Don’t call it a decline: World of Warcraft subscriptions are back up a bit

Warlords of Draenor is scheduled for release before the end of the year.

MMO doomsayers like to characterise World of Warcraft’s twilight years the way Telltale describe The Walking Dead – like a man slipping inexorably down a hill, desperately grasping for things to hold onto.

In actuality, Blizzard are playing ongoing WoW development more like Tiny Wings – keeping their heads down to ensure the highest possible peak after each trough. Mists of Pandaria came out at the tail end of 2012, and first annual expansion Warlords of Draenor isn’t due till later this year – but the books have already turned up again.

The MMOiest of the MMOs currently hosts 7.8 million monthly subscribers, Blizzard told investors last night. That figure’s up 200,000 from November, when the developers last talked numbers.

WoW subscriptions peaked in late 2010 at a positively silly 12 million. They’ve declined steadily since – contributing to a 25% decline in Activision’s PC revenues, from $1.071 billion in 2012 to $805 million in 2013.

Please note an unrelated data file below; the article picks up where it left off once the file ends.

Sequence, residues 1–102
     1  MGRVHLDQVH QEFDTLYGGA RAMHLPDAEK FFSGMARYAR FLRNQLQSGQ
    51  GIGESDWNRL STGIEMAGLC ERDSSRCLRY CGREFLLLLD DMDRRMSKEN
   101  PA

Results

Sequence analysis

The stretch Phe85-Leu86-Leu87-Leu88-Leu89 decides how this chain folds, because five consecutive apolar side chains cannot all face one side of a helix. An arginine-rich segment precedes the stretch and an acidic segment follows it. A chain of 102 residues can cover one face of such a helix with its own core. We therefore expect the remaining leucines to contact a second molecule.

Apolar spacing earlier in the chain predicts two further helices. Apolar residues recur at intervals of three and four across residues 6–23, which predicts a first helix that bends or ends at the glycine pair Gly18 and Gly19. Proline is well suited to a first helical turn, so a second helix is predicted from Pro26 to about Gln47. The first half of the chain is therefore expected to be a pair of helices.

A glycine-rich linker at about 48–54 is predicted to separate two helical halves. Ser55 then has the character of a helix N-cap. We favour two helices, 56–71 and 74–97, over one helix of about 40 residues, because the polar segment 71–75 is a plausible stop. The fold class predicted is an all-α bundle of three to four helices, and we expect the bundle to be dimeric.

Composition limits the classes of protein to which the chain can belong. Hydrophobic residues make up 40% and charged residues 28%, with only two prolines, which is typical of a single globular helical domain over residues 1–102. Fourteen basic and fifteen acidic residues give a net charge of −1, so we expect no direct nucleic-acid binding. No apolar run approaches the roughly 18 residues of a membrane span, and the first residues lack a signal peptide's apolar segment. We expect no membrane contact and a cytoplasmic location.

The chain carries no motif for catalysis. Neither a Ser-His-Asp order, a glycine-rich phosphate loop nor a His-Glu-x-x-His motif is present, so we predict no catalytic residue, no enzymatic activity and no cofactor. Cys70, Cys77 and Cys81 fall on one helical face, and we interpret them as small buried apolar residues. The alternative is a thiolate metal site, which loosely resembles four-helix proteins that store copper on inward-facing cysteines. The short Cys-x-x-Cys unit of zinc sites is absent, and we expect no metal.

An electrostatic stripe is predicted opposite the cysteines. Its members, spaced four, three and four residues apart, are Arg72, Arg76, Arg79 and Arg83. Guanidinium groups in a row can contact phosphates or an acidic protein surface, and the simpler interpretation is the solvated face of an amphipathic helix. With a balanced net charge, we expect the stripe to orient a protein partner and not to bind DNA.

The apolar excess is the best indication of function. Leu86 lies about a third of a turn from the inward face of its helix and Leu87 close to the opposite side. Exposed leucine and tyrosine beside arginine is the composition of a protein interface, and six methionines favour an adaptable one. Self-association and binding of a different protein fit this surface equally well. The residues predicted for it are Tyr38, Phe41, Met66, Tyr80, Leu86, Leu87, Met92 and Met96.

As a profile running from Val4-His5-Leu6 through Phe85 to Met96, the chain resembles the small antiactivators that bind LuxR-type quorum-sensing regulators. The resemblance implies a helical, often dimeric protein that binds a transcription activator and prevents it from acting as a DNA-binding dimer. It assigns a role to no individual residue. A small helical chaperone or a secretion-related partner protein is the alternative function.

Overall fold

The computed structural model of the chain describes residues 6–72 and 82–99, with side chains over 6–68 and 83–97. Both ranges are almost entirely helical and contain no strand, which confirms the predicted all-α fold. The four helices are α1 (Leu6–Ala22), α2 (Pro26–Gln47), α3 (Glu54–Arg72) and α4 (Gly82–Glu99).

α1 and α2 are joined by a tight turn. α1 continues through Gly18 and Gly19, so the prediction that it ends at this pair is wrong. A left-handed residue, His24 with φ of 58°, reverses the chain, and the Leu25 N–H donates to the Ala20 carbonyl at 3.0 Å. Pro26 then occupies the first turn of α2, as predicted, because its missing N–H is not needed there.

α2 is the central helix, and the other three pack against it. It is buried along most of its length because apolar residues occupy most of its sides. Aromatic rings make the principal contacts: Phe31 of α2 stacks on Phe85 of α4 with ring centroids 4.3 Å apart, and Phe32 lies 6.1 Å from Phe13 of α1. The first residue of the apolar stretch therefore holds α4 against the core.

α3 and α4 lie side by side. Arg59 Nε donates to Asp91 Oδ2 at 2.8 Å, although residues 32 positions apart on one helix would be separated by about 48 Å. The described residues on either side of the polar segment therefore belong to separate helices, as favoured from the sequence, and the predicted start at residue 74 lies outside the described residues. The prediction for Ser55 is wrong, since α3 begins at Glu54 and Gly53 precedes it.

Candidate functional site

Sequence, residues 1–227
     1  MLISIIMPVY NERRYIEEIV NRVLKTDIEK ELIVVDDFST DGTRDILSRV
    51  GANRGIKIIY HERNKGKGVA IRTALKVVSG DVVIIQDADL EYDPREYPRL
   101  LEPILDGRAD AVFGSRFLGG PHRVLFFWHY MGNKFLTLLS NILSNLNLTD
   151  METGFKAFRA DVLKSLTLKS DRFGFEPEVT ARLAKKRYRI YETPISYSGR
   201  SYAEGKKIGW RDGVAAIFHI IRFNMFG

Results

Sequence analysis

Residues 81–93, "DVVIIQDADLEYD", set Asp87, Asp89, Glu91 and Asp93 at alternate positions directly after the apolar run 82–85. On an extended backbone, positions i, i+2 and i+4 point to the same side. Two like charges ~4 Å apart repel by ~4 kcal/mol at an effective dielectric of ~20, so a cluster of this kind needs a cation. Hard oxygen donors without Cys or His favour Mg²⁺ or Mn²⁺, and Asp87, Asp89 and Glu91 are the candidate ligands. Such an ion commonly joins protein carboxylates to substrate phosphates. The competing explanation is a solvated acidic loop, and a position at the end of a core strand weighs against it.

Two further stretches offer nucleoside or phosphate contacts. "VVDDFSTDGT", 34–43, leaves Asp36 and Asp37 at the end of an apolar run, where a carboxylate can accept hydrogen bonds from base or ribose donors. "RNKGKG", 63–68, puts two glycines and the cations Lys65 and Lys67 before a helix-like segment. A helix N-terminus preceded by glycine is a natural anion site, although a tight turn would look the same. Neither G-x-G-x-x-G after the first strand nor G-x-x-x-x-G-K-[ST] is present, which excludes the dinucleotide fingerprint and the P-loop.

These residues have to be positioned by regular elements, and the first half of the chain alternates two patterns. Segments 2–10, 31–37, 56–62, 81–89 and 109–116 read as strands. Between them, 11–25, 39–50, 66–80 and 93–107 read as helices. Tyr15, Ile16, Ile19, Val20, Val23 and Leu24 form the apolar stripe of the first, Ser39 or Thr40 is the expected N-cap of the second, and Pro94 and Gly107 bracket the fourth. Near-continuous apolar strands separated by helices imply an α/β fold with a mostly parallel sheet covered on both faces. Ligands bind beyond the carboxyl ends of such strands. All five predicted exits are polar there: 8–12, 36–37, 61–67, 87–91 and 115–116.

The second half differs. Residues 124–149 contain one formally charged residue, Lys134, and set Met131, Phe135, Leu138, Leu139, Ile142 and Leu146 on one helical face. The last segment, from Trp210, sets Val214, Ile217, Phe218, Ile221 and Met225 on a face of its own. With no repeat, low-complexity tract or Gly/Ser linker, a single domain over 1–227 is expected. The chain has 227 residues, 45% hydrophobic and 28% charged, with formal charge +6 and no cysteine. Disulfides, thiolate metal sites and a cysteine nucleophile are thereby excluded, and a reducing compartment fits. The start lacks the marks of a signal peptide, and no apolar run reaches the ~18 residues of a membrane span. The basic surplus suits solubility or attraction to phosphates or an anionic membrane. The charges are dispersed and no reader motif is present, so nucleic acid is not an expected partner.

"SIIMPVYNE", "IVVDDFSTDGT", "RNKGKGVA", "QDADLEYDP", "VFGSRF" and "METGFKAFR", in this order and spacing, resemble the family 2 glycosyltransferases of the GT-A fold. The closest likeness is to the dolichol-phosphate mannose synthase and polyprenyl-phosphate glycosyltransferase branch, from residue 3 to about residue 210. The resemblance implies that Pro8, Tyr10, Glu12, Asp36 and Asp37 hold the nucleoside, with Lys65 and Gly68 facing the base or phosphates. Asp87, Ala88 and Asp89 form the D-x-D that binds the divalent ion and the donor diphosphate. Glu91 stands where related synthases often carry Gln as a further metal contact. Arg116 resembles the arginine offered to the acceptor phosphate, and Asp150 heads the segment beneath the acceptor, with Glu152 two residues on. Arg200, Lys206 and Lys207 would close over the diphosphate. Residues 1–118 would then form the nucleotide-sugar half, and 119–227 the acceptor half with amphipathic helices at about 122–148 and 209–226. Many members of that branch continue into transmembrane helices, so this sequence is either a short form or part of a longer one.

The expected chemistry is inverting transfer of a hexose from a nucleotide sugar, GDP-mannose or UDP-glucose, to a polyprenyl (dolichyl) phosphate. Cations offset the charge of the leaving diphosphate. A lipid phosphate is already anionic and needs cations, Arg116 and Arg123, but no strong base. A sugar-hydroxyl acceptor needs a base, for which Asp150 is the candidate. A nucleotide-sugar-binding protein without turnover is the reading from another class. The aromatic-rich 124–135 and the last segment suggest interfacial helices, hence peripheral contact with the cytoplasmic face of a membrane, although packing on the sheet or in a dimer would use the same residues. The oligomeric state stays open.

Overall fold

It’s still far and away the most successful subscription MMO in the business. And while Hearthstone will be funded through in-game pack purchases, Blizzard head Mike Morhaime dismissed the idea of a free-to-play option in WoW as recently as November.

“We’ve always taken the business model on a case by case basis,” said Morhaime at BlizzCon. “In the case of World of Warcraft, the first 20 levels are free. It wasn’t designed as a free-to-play game. I don’t see that type of transition happening in World of Warcraft, although we are always looking for new ways to make the game more accessible.”

Warlords of Draenor will catapult new players to level 90, allowing them immediate access to its great-lookingRTS-ish garrison features. Will that make subscribers of any of you?